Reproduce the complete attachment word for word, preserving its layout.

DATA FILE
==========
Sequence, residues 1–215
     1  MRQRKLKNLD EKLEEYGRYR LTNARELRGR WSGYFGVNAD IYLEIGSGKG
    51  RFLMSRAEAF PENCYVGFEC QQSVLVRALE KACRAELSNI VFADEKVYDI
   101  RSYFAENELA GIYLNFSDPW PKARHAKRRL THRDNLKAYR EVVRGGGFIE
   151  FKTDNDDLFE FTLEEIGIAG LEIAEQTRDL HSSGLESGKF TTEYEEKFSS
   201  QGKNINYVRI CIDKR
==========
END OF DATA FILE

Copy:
Sequence, residues 1–215
     1  MRQRKLKNLD EKLEEYGRYR LTNARELRGR WSGYFGVNAD IYLEIGSGKG
    51  RFLMSRAEAF PENCYVGFEC QQSVLVRALE KACRAELSNI VFADEKVYDI
   101  RSYFAENELA GIYLNFSDPW PKARHAKRRL THRDNLKAYR EVVRGGGFIE
   151  FKTDNDDLFE FTLEEIGIAG LEIAEQTRDL HSSGLESGKF TTEYEEKFSS
   201  QGKNINYVRI CIDKR